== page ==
Oil Prices Dip, but Weekly Gains Remain After Testing $85 Milestone


Global oil markets experienced a rollercoaster ride this week, with prices briefly breaching the $85 per barrel mark for the first time since November 2023, before retreating on Friday's close. Despite the dip at the end of the week, both major benchmarks – Brent crude and West Texas Intermediate (WTI) – recorded robust weekly gains, reflecting the dynamic supply-demand dynamics shaping the energy landscape.

On Friday, Brent crude for May 2024 delivery slipped 0.09% to settle at $85.34 per barrel, while WTI for April 2024 delivery shed 22 cents, or 0.27%, to close at $81.04 per barrel. Despite this modest decline, Brent and WTI posted impressive weekly gains of 4% and 3.88%, respectively.

The rally in oil prices was fueled by growing optimism surrounding rising demand from U.S. refineries as they gear up for their production schedules. "Supplies are getting tighter" for motor fuels, said Phil Flynn, an analyst at Price Futures Group, adding, "Prices risk going higher."

However, concerns over the Federal Reserve's ability to cut interest rates due to persistent above-target inflation tempered the bullish sentiment. Lower interest rates are generally viewed as a catalyst for increased demand in the U.S., as they reduce borrowing costs for consumers and stimulate economic growth.

The International Energy Agency (IEA) raised its forecast for global oil demand in 2024 for the fourth time since November, citing disruptions caused by Houthi attacks on Red Sea shipments. The agency now projects a 1.3 million barrels per day increase in global oil demand this year, up 110,000 barrels per day from its previous estimate.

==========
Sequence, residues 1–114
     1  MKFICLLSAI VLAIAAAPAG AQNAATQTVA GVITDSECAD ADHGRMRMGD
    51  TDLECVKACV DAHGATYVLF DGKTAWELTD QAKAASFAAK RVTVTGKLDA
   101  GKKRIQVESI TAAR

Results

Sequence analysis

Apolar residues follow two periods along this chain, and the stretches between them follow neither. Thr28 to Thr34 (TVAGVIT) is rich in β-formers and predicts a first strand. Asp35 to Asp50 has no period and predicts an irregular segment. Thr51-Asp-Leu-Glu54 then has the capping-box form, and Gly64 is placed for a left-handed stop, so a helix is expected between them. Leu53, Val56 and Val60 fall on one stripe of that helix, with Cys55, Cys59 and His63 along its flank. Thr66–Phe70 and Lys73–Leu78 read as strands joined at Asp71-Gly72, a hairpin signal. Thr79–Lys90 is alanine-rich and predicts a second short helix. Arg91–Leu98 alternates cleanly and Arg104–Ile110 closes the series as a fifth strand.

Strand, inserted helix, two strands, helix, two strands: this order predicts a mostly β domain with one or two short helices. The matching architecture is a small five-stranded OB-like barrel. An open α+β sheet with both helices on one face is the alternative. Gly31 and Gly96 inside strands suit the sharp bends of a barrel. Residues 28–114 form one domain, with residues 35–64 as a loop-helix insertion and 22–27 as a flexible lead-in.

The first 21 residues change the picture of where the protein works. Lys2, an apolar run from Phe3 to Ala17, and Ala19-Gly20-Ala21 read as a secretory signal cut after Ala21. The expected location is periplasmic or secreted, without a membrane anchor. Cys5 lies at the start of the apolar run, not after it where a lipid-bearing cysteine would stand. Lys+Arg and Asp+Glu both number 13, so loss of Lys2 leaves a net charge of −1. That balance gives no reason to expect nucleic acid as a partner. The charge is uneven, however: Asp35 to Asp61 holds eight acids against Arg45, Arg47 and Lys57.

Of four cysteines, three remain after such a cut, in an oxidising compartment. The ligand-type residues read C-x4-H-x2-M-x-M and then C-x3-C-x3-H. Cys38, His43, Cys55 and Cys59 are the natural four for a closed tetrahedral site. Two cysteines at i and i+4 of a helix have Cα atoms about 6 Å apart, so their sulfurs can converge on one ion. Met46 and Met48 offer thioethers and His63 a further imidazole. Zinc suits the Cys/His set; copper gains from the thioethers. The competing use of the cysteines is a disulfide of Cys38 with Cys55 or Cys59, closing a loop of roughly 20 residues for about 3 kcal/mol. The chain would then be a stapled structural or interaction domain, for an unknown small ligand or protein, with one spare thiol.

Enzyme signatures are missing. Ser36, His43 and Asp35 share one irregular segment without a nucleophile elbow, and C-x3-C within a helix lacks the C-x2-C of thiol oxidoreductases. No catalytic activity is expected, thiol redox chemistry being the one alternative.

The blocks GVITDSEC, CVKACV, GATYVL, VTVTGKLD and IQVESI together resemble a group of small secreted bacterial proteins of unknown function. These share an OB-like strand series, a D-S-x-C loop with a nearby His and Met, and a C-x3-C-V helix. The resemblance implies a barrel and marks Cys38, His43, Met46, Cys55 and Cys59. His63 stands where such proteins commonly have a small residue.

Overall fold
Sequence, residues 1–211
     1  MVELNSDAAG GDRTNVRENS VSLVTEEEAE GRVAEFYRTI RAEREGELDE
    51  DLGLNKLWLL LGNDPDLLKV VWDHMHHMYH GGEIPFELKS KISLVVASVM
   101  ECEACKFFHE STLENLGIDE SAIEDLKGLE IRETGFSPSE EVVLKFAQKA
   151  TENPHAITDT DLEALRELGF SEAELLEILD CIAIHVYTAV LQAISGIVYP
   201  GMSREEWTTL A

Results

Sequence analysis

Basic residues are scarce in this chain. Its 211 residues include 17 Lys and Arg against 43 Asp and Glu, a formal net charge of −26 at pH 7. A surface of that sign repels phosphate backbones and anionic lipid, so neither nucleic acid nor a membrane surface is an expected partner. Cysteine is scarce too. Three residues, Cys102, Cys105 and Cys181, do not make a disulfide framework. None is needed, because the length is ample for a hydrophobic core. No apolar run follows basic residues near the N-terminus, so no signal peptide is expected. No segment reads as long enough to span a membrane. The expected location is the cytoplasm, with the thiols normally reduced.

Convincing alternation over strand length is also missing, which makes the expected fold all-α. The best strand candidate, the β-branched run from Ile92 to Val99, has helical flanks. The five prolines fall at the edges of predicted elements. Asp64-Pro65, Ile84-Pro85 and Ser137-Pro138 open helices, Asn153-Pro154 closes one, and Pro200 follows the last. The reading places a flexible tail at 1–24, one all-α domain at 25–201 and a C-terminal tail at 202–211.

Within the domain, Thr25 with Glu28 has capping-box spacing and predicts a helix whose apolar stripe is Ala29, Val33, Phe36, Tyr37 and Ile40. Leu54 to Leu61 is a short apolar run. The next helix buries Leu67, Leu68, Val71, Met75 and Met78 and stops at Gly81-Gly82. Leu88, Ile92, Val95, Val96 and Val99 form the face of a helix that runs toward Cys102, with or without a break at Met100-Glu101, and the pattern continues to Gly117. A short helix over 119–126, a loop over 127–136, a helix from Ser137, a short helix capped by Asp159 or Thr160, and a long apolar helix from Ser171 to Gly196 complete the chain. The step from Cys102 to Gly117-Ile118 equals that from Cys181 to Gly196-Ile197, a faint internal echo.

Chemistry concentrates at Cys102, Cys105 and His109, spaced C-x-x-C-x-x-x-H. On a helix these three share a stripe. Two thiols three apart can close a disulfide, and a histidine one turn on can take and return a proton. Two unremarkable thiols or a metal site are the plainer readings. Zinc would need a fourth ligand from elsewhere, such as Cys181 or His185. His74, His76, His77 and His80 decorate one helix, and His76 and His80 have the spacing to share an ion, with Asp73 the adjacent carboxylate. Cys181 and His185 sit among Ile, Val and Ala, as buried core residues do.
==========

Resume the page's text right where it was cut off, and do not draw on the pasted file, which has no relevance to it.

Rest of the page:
Furthermore, the IEA anticipates a slight supply deficit in 2024 if OPEC+ members maintain their production cuts, a reversal from its earlier projection of a surplus.

Adding to the bullish sentiment, U.S. energy firms this week increased the number of oil and natural gas rigs by the most in a week since September, with oil rigs rising to their highest level in six months, according to the closely watched report from energy services firm Baker Hughes.

The escalating tensions in Ukraine also contributed to the oil price rally, as a Ukrainian attack on a Russian refinery led to a fire at Rosneft's largest plant, marking one of the most significant attacks on Russia's energy sector in recent months.

While acknowledging the potential headwinds posed by a stronger U.S. dollar, which makes oil more expensive for holders of other currencies, market analysts remain optimistic about the overall trajectory of oil prices.

As the global economy navigates uncertain waters, the delicate balance between supply and demand dynamics, geopolitical tensions, and central bank policies will continue to shape the volatility in oil markets, keeping traders and investors on their toes in the weeks and months ahead.

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